In Tasmania, sexual offences laws are found in the Criminal Code 1924 (CC) as amended. The Evidence Act 2001 (EA) is applicable to sexual offences, containing for example the rules of evidence in relation to prior sexual conduct of a complainant in a sexual assault case.
Many of the provisions covered by this review meet good practice standards. For example, all forms of non-consensual sexual penetration – by penis, objects and other body parts – of all orifices are crimes. The consent provisions presume an absence of consent unless there is evidence of communicated free agreement. There are close-in-age defences to child sexual assault offences preventing criminalising consensual sexual activity between young people and their peers when one or both are under the age of consent.
The age of consent is 17 years for all. Consensual same-sex sexual activity is not a crime.
The CC explicitly states that corroboration of a rape or other sexual assault complaint is not required. The EA expressly states that evidence of sexual reputation is inadmissible and prior sexual conduct of the complainant is generally inadmissible, with limited exceptions.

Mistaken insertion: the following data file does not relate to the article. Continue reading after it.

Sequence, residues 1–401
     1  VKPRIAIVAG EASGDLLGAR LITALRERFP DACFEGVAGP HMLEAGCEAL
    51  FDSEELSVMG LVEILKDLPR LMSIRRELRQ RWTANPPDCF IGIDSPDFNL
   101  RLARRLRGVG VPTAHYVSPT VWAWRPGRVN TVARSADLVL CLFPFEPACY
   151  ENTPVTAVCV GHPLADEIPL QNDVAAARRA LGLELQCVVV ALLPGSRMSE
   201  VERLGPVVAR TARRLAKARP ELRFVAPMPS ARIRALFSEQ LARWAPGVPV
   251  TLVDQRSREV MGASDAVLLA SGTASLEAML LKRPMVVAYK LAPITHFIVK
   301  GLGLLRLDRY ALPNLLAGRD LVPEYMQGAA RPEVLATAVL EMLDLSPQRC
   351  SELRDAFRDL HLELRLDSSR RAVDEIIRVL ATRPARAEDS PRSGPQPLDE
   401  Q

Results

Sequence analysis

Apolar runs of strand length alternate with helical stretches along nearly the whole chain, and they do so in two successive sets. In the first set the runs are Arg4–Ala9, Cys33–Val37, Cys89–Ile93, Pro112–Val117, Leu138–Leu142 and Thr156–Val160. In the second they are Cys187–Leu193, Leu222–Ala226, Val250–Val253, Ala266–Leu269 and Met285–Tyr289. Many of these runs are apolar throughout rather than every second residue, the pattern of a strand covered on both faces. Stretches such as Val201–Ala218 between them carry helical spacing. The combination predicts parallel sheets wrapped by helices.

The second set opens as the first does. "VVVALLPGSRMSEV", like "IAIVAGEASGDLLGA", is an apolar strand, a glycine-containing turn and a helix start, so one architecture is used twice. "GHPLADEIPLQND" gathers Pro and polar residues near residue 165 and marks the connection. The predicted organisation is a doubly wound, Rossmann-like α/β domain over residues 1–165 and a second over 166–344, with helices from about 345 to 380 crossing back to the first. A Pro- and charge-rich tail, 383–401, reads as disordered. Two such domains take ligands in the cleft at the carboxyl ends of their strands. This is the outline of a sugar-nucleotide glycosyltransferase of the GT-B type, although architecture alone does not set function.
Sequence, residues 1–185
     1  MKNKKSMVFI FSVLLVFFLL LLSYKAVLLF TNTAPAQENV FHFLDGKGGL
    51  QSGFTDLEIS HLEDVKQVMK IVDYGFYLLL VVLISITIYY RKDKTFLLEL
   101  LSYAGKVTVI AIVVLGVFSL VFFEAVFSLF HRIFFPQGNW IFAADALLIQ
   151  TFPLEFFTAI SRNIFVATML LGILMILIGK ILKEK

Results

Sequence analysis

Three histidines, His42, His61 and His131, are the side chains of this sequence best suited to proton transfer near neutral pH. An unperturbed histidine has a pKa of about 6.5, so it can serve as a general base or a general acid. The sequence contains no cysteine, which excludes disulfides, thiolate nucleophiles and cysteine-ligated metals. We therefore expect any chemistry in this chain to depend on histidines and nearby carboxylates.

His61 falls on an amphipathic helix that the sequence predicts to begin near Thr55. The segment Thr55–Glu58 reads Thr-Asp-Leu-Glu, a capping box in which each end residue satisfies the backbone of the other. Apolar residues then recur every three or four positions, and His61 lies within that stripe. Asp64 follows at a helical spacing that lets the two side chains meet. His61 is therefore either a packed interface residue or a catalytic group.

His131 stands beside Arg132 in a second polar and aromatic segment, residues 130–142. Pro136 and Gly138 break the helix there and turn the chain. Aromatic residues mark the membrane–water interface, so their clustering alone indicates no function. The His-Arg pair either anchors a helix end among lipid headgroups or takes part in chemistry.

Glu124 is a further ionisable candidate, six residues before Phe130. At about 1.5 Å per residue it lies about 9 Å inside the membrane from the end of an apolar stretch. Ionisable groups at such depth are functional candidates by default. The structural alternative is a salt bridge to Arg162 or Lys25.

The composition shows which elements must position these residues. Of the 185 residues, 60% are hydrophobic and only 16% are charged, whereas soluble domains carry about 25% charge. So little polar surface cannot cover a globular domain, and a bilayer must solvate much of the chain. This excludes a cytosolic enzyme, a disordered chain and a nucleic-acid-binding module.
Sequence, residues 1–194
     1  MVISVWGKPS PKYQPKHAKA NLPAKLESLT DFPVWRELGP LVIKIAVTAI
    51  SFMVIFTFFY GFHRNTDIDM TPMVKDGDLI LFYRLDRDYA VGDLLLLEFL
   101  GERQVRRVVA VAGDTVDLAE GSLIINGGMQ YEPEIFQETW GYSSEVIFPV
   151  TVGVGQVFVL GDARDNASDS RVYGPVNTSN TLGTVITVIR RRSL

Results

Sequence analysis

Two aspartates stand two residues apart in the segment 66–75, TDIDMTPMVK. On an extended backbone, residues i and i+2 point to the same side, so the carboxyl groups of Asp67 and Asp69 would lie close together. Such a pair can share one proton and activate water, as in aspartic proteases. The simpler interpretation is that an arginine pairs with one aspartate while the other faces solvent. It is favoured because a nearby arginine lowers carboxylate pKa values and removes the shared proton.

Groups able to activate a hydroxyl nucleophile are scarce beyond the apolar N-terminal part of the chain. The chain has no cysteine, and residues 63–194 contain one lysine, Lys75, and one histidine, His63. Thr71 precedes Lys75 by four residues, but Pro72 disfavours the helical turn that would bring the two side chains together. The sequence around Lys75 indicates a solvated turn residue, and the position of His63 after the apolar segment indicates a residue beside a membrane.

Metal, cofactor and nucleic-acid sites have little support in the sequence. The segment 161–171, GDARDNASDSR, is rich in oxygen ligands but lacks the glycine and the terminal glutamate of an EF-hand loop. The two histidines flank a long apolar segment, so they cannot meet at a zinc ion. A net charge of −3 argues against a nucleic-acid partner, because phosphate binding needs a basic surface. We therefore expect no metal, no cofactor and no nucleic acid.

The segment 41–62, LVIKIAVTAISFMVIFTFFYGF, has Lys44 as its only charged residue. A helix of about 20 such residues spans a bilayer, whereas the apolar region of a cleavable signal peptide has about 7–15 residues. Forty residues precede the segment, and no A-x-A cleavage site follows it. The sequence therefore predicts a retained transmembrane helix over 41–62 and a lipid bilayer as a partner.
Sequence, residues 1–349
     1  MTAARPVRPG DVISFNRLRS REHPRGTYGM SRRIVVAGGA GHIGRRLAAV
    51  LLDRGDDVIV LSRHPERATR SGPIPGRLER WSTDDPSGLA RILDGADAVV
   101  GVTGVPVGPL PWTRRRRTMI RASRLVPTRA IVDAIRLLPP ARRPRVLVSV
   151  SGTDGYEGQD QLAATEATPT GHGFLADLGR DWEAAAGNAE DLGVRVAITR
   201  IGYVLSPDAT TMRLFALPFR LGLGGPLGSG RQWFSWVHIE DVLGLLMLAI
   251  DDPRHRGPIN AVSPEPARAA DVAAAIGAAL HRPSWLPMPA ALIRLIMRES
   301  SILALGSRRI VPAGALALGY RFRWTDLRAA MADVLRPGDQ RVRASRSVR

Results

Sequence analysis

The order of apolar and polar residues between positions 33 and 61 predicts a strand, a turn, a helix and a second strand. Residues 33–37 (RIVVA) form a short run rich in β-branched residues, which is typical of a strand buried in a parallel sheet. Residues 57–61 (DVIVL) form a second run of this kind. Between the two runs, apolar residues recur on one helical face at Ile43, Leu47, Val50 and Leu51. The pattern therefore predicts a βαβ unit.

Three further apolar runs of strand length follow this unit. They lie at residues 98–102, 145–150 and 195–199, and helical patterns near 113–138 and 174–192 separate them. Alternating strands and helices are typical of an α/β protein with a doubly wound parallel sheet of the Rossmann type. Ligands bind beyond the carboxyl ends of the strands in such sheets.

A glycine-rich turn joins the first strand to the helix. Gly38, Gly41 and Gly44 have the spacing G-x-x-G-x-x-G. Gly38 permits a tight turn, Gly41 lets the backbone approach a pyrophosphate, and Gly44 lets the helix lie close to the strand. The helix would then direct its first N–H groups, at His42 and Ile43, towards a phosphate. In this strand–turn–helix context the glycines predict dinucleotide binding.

Other aspects of the provisions are, however, not in accord with good practice. For example, non-penetrative offences are contained within the moralistically termed offence of ‘indecent assault’, which is not expressly defined in the CC to include all forms of sexual touching. Child sexual assault provisions are limited and do not cover offences such as sexual communication with a child, causing a child to watch sexual acts, or sexual abuse by a person in power or authority. These may be covered under Federal criminal law which is not assessed in this report. The offence of ‘maintaining a relationship with a child’ is problematic as sexual intercourse with a child is sexual assault, not a ‘relationship’. It would be better characterised as persistent child sexual abuse.
The full assessment of Australia is available here.